With Grace, This Too Shall Pass


This is an experience unlike any in human history.  Yes, there have certainly been times of pandemic, but there has never been a time of profound tragedy with the added component of new media.  We are living history as it is being written, and we will always remember this time.

While this experience is surreal, traumatic, and scary, I believe that it is also a time that will bring us together as humans, will result in exciting innovation, and will present many unexpected strategic byproducts.

We are discovering new ways to work, new levels of camaraderie, a reprioritization of authentic connection with people over the superficial connection (e.g., social media).  We are experiencing a spiritual and mental cleansing, a reset in values, a rebirth of sorts.

[pullquote]We are discovering new ways to work, new levels of camaraderie, a reprioritization of authentic connection[/pullquote]

People are hearing from people they haven’t heard from in years.  Old friends from school, former colleagues from a past career, neighbors from 20 years ago.  We’re having deep, meaningful phone calls and video prayer groups, happy hours, church services, knitting circles, AA meetings.  The fear of being seen on video because you may not look “perfect” has mostly been erased, as it’s become evident that the priority is being present, not being perfect.

We’re all at war together.  Those of us who went through 9/11 or the Great Recession know that those difficult times created a shared experience, a kinship.  We became partners in arms.  This time it’s an even larger scale.  We are all feeling similar feelings, sharing similar experiences, attempting to wear many hats together.  We are spouses, parents, colleagues, employees, home managers, cooks, cleaners.  And we understand that we are all experiencing these same experiences, so we empathize in a more profound, more meaningful way.

We are banding together to provide support to our friends, neighbors, local businesses, and people that we’ve never even met in a remarkable way.  There are mask-making groups, people are calling on their elderly neighbors and ensuring that they have what they need, and “TP-ing” has taken on a new meaning (although don’t get me started on the absurd toilet paper shortage that has necessitated the new practice).  People are supporting the temporarily unemployed with groceries, they are supporting local businesses through delivery, curbside pick-up, and online shopping, and entire neighborhoods are shouting their thanks to the frontline medical workers from their porches and windows each day at 7 pm.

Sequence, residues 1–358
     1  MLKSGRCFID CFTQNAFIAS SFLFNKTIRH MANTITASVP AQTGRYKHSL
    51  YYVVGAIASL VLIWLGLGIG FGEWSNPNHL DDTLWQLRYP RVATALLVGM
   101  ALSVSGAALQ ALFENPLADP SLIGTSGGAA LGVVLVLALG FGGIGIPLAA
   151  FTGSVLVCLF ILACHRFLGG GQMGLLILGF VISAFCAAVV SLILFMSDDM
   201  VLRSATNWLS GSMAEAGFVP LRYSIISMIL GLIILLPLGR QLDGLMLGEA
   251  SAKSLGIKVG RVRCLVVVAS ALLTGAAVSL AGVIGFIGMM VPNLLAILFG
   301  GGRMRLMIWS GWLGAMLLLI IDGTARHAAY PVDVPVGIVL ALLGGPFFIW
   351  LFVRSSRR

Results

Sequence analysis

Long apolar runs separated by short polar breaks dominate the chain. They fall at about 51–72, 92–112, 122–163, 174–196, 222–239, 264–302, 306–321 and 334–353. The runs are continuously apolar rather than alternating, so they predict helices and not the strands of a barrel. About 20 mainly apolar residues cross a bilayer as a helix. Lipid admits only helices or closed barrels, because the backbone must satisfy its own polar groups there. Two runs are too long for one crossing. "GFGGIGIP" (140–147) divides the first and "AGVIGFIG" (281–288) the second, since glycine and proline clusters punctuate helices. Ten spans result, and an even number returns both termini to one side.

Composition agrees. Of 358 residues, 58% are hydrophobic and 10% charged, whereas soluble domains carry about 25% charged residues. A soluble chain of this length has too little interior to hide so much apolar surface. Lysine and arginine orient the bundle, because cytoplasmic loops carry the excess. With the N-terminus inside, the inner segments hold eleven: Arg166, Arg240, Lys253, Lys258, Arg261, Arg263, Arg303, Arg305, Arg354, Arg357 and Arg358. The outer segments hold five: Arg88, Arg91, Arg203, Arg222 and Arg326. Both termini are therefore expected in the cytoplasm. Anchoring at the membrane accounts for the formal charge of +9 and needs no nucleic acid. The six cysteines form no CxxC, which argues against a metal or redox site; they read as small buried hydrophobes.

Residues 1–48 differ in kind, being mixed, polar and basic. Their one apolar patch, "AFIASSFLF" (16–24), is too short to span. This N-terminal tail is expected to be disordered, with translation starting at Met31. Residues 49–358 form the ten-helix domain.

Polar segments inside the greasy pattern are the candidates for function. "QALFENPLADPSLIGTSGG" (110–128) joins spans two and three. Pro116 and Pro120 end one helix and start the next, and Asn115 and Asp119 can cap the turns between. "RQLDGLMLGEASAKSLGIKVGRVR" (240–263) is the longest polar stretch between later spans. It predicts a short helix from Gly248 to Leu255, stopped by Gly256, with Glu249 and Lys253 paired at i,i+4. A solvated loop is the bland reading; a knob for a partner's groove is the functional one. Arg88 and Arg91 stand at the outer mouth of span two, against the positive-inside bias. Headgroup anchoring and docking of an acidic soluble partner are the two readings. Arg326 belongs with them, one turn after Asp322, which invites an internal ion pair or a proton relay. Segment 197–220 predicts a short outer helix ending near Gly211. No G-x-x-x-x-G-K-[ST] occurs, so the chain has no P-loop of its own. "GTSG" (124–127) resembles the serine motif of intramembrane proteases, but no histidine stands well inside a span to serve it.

We will never forget this time and I, for one, hope that we can step outside of our circumstances and see it for the transformative time that it is.  Because the only way out of this time is through it.  And the only way to emerge stronger on the other side is to learn, evolve, and grow.  There are examples of inspired ingenuity everywhere.  I went to the veterinarian the other day, and they had already established an efficient and touchless drop-off and pick-up process.  Yesterday the spring on my garage door broke.  The repair professional came over wearing a mask and gloves, stayed 6-feet away, and had three methods of contactless payment at the ready.  [pullquote]Because the only way out of this time is through it.[/pullquote] Best Buy has already implemented order pick-up protocol on their website, so you can check-in from your phone upon arrival and tell the store a description of your vehicle and the numbered space you’ve parked in, so they can deliver into your trunk.  T.W. Bonkers Toys & Wonder in Placerville created themed Easter Baskets that you could order via Facebook and offered free delivery or curbside pick-up.  Brick and mortar stores that had no online presence (and you know they probably always meant to, but never got around to it) are quickly establishing online stores.  Are they perfect?  No.  Do we care?  No.  Because we want to support our favorite local businesses and the families that they represent.

Thank you to all of the essential service workers, continuing to work to keep us all safe and to keep the economy functioning.  To those in the medical field, in homebuilding, the grocery workers, those in the supply chain, the truckers, the handlers, the pilots, the delivery people.  You are the heroes.  And our hearts go out to all who’ve lost someone or are battling this illness themselves.  You are in our prayers.

We all have a choice of whether to have a mindset of scarcity or abundance.  Whether to live in fear or faith.  Whether to believe we can’t or can.  We are in a time of tremendous change, and I know that change is scary.  But here’s the thing.  If you don’t like change, you’re going to hate extinction.  And I am so proud of the innovation that I see around me.  I believe that we are all up for the challenge that this time presents.  We will prevail.  We will survive.  And we will thrive.  Let’s step into the light together.